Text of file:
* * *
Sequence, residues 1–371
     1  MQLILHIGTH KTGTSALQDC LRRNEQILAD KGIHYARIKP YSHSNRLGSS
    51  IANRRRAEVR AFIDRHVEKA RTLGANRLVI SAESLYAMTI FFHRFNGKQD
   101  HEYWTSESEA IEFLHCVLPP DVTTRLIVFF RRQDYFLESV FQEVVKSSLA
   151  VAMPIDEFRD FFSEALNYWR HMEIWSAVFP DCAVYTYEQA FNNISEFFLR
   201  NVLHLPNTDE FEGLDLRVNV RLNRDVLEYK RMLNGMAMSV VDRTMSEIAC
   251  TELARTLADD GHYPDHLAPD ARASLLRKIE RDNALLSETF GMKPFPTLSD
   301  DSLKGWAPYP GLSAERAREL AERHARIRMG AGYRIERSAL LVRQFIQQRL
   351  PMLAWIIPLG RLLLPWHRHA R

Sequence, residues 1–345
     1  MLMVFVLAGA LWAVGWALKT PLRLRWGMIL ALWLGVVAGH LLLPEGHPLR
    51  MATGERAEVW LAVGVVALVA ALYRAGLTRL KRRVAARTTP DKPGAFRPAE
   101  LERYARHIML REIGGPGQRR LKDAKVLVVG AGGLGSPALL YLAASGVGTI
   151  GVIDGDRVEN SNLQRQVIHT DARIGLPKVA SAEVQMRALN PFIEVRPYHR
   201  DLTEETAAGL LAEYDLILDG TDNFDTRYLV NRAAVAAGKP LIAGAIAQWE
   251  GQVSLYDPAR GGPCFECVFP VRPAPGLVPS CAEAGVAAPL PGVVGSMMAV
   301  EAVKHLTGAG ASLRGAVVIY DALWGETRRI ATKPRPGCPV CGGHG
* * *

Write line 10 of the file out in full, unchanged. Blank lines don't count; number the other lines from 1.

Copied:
Sequence, residues 1–345